Break it Down. Breaking down an assignment in steps seems to work better, especially when the first steps allow for more audio and pictures (colors, singing, or speaking). Color-coding helps projects/music come together easier for dyslexic students (see how letters for lyrics might be green, notes can be blue, and dynamics can be red).
Engage the Senses. Neuro-diverse students also benefit from sensory learning. The senses of hearing and feeling of the instrument help process information (notes, melody, rhythm) and make it stick. Cup tapping is a fun way to feel the music.
Take Your Time. Nineteen-time Grammy Award winner, Tony Bennett, struggles with reading sheet music because of dyslexia. “I just have to work a lot slower. It comes a lot slower. But good learning takes a long time,” he has said. “To really learn something, you have to keep doing it until it appears effortless. So it takes time.”
Good learning takes time, and this makes private lessons a good choice for students with disabilities.
Just because a dyslexic student may have trouble reading (which can impact a child's ability to read, decode, and interpret music) doesn’t mean they can’t learn to play music and enjoy doing it. Just as music isn’t written the same way for all instruments (drumming, piano, and guitar notation are all written quite differently), the brain systems involved with dyslexia vary from child to child. While reading piano music might be difficult for one child, guitar notation might feel quite natural. The only way to find the right instrument is to try.
Using Tonara Studio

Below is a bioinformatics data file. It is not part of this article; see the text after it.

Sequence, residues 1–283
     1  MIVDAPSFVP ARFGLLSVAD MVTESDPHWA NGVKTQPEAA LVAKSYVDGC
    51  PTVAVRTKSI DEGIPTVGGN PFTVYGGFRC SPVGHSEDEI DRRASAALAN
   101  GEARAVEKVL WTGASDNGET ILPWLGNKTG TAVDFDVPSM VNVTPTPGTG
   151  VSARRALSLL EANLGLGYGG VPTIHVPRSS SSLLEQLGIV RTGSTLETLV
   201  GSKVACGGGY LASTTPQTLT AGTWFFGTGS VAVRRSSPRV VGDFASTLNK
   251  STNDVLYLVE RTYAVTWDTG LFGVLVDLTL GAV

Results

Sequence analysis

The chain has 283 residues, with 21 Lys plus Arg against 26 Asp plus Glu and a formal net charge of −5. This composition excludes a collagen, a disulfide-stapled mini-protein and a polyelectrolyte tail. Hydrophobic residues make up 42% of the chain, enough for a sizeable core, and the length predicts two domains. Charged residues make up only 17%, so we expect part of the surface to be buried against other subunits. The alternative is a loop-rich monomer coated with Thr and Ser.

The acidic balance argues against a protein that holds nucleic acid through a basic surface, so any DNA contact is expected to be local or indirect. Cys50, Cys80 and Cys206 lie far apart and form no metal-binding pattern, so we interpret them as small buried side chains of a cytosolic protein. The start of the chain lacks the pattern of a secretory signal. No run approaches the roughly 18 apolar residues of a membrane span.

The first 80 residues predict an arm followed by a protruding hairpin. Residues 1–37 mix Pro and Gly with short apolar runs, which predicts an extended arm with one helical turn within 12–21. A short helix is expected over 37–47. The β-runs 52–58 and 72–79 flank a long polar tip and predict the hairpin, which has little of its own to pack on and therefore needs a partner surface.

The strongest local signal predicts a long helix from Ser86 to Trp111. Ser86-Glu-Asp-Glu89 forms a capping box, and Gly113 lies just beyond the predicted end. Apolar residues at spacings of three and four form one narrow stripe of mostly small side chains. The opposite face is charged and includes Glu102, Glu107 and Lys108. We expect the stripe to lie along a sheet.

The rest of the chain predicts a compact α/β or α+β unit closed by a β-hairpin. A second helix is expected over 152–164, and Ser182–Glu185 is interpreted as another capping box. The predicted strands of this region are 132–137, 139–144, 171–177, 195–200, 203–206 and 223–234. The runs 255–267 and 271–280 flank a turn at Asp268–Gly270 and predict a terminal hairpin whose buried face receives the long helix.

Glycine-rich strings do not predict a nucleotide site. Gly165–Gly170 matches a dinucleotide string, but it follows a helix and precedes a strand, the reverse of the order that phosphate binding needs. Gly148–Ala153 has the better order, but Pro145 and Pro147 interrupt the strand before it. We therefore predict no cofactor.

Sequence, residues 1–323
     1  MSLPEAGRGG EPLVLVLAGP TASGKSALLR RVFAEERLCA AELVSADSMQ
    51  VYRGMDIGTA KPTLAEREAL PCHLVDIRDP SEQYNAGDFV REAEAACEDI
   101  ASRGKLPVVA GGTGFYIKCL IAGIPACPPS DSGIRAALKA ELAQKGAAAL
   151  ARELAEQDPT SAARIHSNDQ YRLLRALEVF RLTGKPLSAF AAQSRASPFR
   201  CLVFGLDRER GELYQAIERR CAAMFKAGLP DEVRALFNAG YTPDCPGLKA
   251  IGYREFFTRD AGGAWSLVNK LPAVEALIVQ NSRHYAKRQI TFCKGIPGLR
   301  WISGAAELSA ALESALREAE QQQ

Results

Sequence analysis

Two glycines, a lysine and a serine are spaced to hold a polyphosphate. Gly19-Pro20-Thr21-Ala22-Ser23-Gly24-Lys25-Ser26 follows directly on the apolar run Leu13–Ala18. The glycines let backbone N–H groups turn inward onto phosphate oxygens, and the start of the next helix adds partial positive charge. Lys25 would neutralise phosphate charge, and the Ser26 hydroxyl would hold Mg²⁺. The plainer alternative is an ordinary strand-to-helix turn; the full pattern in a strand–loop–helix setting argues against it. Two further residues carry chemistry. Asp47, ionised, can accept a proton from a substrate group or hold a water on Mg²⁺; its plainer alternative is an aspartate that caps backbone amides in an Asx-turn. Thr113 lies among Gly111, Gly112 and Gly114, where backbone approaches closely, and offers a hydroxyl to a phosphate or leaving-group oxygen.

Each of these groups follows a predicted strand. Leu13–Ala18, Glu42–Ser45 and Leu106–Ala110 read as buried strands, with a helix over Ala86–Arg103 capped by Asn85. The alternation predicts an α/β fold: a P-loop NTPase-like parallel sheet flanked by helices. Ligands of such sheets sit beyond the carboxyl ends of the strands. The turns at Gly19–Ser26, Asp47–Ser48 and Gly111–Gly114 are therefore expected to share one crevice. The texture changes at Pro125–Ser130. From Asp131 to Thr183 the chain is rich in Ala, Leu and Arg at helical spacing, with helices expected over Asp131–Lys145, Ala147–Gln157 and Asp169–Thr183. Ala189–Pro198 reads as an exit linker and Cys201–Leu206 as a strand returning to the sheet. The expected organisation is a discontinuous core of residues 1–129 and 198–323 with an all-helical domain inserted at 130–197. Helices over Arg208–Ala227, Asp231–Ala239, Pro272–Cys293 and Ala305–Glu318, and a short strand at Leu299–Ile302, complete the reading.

Tonara Studio can help neuro-diverse students with organization and social-emotional learning.
- Use the “instructions” area within the assignment tab to create simple, single-step instructions. Audio and video recordings and website links can give assignments more clarity.
- Message them during the week. Don't let your students with neuro-diversities coast through the week without getting them involved. Give them regular feedback and say something positive.
- Review, review, review their assignments, making sure they have a firm understanding of what has been covered. (ie. Do you want to keep this piece on the assignment list and play it just for fun this week?) Tonara Studio assignments automatically repeat each week.
- Create a performance room group for the entire studio or small practice teams. Want to see your student swell with pride? Feature a positive aspect of their work!
Looking to the Future
The benefits of musical training go far beyond the pure joy of creating beautiful music, as it strengthens perseverance, equips students to be creative, and supports better study habits and self-esteem.
Speaking of her daughter’s future, Erica says, “I think she will be able to make her own connections on the value of her piano lessons, how they helped her during the initial challenges of discovering how her brain is wired and be one of the cosmic markers in her life that assures her that she is loved, belongs, and thrives even in hard times (like the pandemic and the processing of diagnosis). I think about a wonderful Ted Talk by Benjamin Zander where he says success isn't about fame or wealth, but how many shiny eyes you invest in. I think her lessons are part of keeping her eyes shiny now and doing the same for others when she is older.”
Marilyn is a freelance blogger/writer who has raised two neuro-diverse children. Her oldest son was diagnosed with an Autism Spectrum Disorder at age 11, and her daughter with an Auditory Processing Disorder at age 6.
In addition, Marilyn has taught piano to hundreds of students for over 23 years. She has owned her own successful music studio and currently teaches piano at School for the Arts, Brighton, Michigan. She is skilled at pinpointing her students’ interests and at helping them achieve their next steps in music. She studied music at Julliard and the Richards Institute (Education Through Music - ETM). ETM promotes physical, mental, and social growth through language, song, movement, and interactive play. In recent years, she holds a B.S. in Journalism with a minor in voice at the University of Kansas.